|Red Sox pregame notes: Is Josh Beckett tipping pitches?||05.11.12 at 7:05 pm ET|
Inside the Red Sox clubhouse and front office, Golf Gate appears to be a virtual non-issue when it comes to Josh Beckett. The team feels that he was healthy enough to make his start last Saturday, and scratched him merely as a precaution. That being the case, the fact that Beckett went golfing on an off-day was deemed functionally irrelevant from a practical standpoint even as the team understood how it might be perceived.
Of greater significance to the Sox and the pitcher was the fact that, in a game where he was healthy, the Indians battered Beckett. He allowed seven runs on seven hits (four doubles, two homers) while recording just seven outs in one of his worst performances as a member of the Red Sox. That it came against the Indians continued a pattern, as Beckett is 4-6 with a 5.65 ERA against Cleveland in his career. That ERA is his second worst against a club against whom Beckett has made at least five career starts.
Given that Beckett has had a number of poor outings against the Indians, the matter has raised a curiosity in the pitcher as to whether Cleveland has identified something in his delivery to indicate that he’s tipping pitches.
“I think mechanically, the information I’ve gotten back thus far, and it’s not a full-fledged investigation if you will, that his mechanics are right, but Josh seems to think this team is on him more than others and there might be something that he’s doing that is signaling their effectiveness. We’re investigating that. … Today, he was actively pursuing the answers to the problem,” said manager Bobby Valentine. “We’re looking at video to see why. When the cutter came in to the lefthander, they always were out in front of it. That’s suspicious.”
Valentine said that he’s faced challenges in managing his new pitching staff in part because the stuff that the pitchers feature now doesn’t align perfectly with the “hours on end of video” that he’s watched of his starters, in which their pitch mix was different than it is now. Indeed, the same can be said for Beckett, Clay Buchholz and Jon Lester.
“I have seen video, hours on end of video with, when you say the pitchers, with three of our starting pitchers who have a lot of video. It’s different,” said Valentine. “When you say, ‘How do you make it like it was in the past?’ It’s difficult because one of the things in the past is that there was more velocity. Now, I’m not sure how that’s solved. Is it a mechanical thing? I don’t know. That’s usually, when you start evaluating, where you start, and then you move to the rest. There really are two different animals here.”
– Though Kelly Shoppach has been Beckett’s catcher five times this year, Valentine said that he was not going to commit to using Shoppach as Beckett’s personal catcher. To the contrary, he said that the pairing could be reconsidered.
“I’d say it’s open,” said Valentine. “I don’t think it’s proved to be the solution to any situations that we’re dealing with.”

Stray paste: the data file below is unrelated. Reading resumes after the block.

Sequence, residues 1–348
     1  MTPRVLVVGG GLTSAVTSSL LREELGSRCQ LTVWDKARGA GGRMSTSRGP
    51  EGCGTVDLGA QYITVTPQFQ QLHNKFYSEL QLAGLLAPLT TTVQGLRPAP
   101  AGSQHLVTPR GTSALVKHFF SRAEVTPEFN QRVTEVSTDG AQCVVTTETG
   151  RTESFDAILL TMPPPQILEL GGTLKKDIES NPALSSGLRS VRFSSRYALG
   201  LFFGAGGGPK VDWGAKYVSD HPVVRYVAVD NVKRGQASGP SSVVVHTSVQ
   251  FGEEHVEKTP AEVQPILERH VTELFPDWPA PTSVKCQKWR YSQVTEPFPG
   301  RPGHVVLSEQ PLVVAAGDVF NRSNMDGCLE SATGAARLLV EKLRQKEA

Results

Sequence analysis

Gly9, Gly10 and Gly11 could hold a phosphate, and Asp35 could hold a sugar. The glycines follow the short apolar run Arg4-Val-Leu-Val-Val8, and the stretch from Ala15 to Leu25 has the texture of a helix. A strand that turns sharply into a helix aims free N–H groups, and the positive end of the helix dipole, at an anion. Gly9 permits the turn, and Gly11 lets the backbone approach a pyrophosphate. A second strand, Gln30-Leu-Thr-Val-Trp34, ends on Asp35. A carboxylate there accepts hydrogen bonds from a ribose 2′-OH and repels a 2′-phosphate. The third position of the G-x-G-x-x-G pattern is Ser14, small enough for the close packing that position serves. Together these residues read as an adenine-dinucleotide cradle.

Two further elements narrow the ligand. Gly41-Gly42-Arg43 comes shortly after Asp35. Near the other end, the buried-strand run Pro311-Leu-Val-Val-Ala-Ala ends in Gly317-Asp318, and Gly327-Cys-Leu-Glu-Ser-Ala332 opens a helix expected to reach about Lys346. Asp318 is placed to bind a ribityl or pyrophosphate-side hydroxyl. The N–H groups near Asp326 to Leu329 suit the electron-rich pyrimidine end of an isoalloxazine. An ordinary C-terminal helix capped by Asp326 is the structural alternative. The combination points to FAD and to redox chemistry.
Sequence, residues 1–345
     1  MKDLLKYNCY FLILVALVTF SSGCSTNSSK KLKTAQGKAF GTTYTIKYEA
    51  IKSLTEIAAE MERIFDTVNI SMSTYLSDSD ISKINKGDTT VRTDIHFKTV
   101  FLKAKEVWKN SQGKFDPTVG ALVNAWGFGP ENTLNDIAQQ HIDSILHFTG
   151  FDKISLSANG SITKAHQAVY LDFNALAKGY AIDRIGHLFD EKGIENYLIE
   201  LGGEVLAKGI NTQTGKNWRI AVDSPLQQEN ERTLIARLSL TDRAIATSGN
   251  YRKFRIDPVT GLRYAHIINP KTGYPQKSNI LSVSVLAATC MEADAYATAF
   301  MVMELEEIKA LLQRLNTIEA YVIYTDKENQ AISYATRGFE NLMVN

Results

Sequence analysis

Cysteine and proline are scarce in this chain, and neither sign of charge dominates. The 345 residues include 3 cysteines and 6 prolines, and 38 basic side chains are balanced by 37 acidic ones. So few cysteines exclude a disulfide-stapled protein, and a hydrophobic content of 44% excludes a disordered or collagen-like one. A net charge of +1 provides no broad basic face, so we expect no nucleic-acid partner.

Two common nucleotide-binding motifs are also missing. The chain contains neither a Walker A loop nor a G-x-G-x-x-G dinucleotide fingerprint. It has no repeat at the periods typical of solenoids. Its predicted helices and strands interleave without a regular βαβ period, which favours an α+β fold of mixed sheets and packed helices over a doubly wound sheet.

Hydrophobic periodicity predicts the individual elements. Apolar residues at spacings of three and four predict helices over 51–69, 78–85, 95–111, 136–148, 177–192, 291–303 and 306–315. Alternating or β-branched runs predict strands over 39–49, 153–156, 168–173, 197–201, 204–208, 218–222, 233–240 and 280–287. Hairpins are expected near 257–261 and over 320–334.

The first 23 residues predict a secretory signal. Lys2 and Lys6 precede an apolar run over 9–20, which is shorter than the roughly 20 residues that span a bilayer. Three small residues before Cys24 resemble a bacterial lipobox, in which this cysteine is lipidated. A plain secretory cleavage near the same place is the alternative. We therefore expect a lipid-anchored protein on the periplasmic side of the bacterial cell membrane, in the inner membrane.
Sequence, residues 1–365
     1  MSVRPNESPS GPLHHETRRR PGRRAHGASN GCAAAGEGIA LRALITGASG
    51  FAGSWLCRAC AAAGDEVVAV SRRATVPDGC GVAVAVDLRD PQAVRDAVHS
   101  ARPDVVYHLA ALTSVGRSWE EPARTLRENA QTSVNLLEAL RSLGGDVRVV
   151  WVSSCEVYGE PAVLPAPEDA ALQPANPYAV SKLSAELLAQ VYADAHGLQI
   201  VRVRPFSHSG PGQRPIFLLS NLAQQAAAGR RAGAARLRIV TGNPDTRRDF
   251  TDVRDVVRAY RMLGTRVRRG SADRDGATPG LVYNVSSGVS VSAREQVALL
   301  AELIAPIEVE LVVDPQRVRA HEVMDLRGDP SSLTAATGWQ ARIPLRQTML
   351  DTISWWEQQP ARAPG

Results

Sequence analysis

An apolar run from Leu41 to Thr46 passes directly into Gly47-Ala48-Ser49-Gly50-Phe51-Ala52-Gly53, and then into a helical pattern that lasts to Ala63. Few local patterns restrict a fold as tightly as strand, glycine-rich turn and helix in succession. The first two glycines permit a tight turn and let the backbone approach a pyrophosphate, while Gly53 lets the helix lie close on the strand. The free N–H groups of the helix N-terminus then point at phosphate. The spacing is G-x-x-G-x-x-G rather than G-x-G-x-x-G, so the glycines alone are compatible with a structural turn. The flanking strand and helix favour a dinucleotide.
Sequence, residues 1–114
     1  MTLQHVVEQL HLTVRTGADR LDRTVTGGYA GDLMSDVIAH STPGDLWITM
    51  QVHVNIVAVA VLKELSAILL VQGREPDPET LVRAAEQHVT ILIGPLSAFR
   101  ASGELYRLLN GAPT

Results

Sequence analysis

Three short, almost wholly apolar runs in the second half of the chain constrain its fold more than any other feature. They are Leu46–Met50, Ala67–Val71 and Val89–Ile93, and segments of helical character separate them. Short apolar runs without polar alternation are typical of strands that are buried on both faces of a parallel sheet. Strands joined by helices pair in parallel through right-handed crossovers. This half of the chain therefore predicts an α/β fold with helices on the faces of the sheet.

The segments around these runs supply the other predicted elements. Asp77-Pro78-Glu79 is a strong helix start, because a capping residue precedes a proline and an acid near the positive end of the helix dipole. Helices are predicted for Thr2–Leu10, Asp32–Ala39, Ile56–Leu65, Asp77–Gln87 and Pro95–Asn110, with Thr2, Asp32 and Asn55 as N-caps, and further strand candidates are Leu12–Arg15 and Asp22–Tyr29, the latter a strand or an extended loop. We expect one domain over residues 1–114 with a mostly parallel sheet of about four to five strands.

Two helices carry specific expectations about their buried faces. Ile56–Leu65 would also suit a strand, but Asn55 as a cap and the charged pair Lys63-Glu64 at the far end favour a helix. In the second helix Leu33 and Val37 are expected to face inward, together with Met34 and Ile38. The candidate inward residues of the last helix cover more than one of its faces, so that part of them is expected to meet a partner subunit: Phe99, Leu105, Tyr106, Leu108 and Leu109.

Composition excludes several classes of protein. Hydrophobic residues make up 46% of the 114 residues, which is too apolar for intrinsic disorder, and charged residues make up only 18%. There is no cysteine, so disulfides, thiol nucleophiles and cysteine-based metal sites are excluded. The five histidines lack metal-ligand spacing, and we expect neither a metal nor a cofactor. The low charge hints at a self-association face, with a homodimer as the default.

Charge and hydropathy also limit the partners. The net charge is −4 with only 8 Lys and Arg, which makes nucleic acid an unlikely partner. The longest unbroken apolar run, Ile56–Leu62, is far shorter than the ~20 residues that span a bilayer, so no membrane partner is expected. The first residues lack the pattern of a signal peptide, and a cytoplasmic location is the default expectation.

– Valentine said that no real consideration was given to the idea of sending Clay Buchholz — mired in a string of six straight starts in which he’s allowed at least five earned runs, the longest such stretch by a Sox starter since 1925 — to the minors.
“I don’t give up on a player until he gives up on himself,” said Valentine. “I haven’t seen that with Clay. He’s still working hard, he and Bob McClure, are trying to solve this puzzle. I’m confident that the trust that I have in my coaches is going to pay off because they’re going to solve the puzzle. But is it difficult? Yes.”
– Valentine said that he is not aware of any trade talks involving either the acquisition or dumping of a pitcher. Major league sources dismissed the idea that the Red Sox would consider trading Josh Beckett as a reaction to Golf Gate, given that his value would be virtually non-existent and that he has given the team more quality outings (he leads the rotation with four quality starts) than any other pitcher.
“I’m sure that Ben’s looking at every conceivable way of improving our team, but I haven’t been in on any trade conversations about pitching, either coming or going,” said Valentine.
– The Red Sox acquired Cody Ross with the expectation that he would get playing time against left-handers. Instead, he has been a fixture of the lineup against both righties (against whom he’s hitting .260/.310/.468/.777) and lefties (.226/.306/.452/.757).
“He’s played better than I expected,” said Valentine. “Offensively, he’s been a needed addition to our lineup against right-handers as well as left-handers, and defensively, he’s had a couple bumps in the road, a couple blips in the radar, but he’s also made some very good plays. A very good guy on the team.”
– Daisuke Matsuzaka is slated to make a rehab start in Triple-A Pawtucket on Saturday. It will be the fourth rehab start of the right-hander’s effort to come back from Tommy John surgery. Valentine said that the 31-year-old is expected to throw roughly 90 pitches, and that the team believes that he is “very close” to being ready for a return to the major leagues. The primary area in which the Red Sox would like to see him take a step forward is in working deeper into games; in his three starts, Matsuzaka has worked no more than 4 2/3 innings.
“I would say he’s very close. He’s done everything except for string the innings together. He’s worked out all of his pitches. He’s happy with his pitches, his velocity, his strength, his ability to feel a pitch out of the stretch, windup,” said Valentine. “If there’s a checklist, he’s checked off a lot of those things, and now it’s just stringing innings together.”
– Kevin Youkilis commenced some baseball activities on Friday, throwing on the field for the first time since he was sidelined by a stiff back.
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